This story is being updated.
He wasn’t destined to have the big superstar career that he initially set out for, or that his talent deserved. But over his 40 years in the trenches as a songwriter, player, and producer, Keith Gattis became a superstar to those who knew him in the business, from Texas, to Nashville, to Los Angeles, and parts in between. And eventually, the music Keith Gattis made went on to be heard by millions. Now he’s left us in this life, but not without leaving his mark on country music that won’t be forgotten for many lifetimes.
According to close friends and collaborators like Waylon Payne, Melonie Cannon, and Jim “Moose” Brown, Keith Gattis passed away on Sunday, April 23rd. He was 52 years old.
UPDATE (4/24/23 2:34 PM CDT): According to numerous sources, Keith Gattis passed away in a tractor accident. He was pulling tree stumps, and the tractor rolled over on him. More information when it becomes available.
Keith Gattis signed as a major label artist to RCA Nashville in 1996 and released a debut self-titled album. Despite earning critical acclaim and praise by country traditionalists, it was too critically acclaimed and traditional for its time, with none of the singles cracking the Top 40, and failing to gain traction. But undeterred, Keith Gattis continued in the music business and found his home, which was enhancing the music of others in a host of capacities.
As a songwriter, Keith Gattis wrote and co-wrote tracks for the likes of George Strait, Randy Travis, Kenny Chesney, Gary Allan, Randy Houser, Charlie Robison, Randy Rogers Band, Jack Ingram, Wade Bowen, Cory Morrow, and Sara Evans just to name a few. As a studio player, he worked with George Jones, Jon Pardi, Brandy Clark, Bruce Robison, and Sunny Sweeney among others.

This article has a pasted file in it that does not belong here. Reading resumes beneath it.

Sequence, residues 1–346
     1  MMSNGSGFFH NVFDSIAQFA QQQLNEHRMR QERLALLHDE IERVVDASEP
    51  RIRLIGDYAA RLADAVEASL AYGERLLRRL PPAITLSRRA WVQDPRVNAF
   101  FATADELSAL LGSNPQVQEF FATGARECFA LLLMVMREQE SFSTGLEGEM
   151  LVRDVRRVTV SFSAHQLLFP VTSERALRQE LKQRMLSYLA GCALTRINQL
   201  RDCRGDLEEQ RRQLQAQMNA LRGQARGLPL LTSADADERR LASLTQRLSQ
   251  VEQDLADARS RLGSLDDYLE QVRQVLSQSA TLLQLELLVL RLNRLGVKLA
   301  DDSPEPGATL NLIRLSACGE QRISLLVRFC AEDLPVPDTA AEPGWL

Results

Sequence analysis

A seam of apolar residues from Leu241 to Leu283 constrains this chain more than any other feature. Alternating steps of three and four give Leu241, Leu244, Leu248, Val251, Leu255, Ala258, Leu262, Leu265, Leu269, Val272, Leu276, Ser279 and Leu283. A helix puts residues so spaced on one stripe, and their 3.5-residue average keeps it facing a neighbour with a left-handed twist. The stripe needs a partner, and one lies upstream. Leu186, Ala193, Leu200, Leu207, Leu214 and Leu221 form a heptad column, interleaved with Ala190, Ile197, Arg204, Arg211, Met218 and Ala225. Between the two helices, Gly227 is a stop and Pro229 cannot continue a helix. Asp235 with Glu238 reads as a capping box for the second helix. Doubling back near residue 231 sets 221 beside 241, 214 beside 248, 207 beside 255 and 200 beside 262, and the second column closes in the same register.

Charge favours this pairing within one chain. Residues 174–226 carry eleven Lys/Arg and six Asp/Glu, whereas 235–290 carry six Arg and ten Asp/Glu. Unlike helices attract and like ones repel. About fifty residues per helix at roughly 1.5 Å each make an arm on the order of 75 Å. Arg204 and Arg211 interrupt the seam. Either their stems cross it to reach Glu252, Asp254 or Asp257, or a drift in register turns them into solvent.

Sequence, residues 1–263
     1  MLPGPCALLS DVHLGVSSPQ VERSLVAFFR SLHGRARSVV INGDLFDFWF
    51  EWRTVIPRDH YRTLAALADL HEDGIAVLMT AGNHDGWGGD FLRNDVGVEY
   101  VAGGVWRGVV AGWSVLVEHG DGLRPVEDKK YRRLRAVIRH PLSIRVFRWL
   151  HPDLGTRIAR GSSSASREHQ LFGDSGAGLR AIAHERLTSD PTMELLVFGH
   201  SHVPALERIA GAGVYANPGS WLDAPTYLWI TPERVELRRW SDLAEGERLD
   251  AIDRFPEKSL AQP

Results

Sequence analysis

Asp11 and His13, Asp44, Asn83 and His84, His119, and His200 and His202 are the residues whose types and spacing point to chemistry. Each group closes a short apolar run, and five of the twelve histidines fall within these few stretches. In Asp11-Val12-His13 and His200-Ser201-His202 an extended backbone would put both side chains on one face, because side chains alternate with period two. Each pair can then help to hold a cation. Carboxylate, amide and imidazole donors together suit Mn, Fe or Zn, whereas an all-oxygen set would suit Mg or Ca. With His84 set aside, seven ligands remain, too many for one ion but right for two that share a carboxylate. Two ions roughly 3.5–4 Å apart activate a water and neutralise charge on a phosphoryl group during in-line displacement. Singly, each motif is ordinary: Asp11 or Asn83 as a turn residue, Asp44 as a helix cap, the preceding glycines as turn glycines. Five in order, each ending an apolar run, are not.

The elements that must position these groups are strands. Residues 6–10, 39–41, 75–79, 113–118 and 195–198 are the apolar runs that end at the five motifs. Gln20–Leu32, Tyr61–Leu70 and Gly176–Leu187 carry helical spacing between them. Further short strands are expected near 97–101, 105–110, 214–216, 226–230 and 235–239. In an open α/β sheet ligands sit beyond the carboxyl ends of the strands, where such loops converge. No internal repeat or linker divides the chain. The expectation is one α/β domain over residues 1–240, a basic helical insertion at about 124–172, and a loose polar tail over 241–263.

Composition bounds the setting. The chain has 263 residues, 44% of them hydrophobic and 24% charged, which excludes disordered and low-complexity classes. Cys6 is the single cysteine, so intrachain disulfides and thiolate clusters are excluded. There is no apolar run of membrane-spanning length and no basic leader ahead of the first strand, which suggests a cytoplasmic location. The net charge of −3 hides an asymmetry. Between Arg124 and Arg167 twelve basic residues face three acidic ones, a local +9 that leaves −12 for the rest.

In 2002, Gattis joined Dwight Yoakam’s band as the band leader, and played guitar and bass on the album Blame The Vain. As a producer, he worked with Wade Bowen, Randy Houser, Waylon Payne, Cory Morrow, Jason James, Micky and the Motorcars, and more.
Keith Gattis wrote “El Cerrito Place,” which after becoming a signature song for Charlie Robison, was released by Kenny Chesney as a successful radio single. He also wrote the Chesney single “When I see This Bar” and George Strait’s 2013 single “I Got a Car.” Albums that Keith Gattis produced include Wade Bowen’s Solid Ground (2018), and Randy Houser’s Magnolia (2019). Gattis was one of the most prolific multi-disciplinary contributors to country music in the last 25 years.
Keith Gattis was born on May 26th, 1970 in Georgetown, Texas, just north of Austin. He showed interest in music early, and began playing professionally when he was 16, performing around the Austin area. He formed a band that won a statewide competition as part of the Future Farmers of America, and was given the opportunity in 1988 to play in front of 8,000 people at the organization’s national convention.
Gattis continued to refine his songwriting and guitar playing while attending college. After he graduated, he moved to Nashville with $800 and whatever he could fit in his pickup truck, and started working in a music store while trying to launch his career, playing in Nashville’s bars at night. He caught the eye of Sammy Kershaw’s management team, and eventually was signed to RCA.
This is when Gattis took off for the West Coast, and started adding more rock influences into his music. He started working with Dwight Yoakam and recorded the solo album Big City Blues in 2005 for Smith Music Group. But eventually that got old as well, and Gattis returned to Nashville in 2006.
Along with working with many Nashville artists, Gattis became a favorite player, producer, and co-writer for many in the Texas/Red Dirt world. You don’t land on so many albums as a songwriter, musician, and producer by being a bad guy in the business. Keith Gattis was nearly universally beloved, and his death is being taken as a shock to the whole country music industry.
“So sad to hear the news of the unexpected loss of one of Nashville’s greatest talents…Keith Gattis,” Jim “Moose” Brown said late Sunday evening. “A dear friend who will be greatly missed.”
Gattis is survived by his wife Penny Gattis, who is GM of Publishing at Eclipse Music Group in Nashville, and their two children DeLaney and McKenzie. A Go Fund Me account has been set up for funeral expenses.
Donations can also be sent to:
Attn: Melodie Zack
1600 Division Street, Suite 100
Nashville TN 32703
This story is being updated.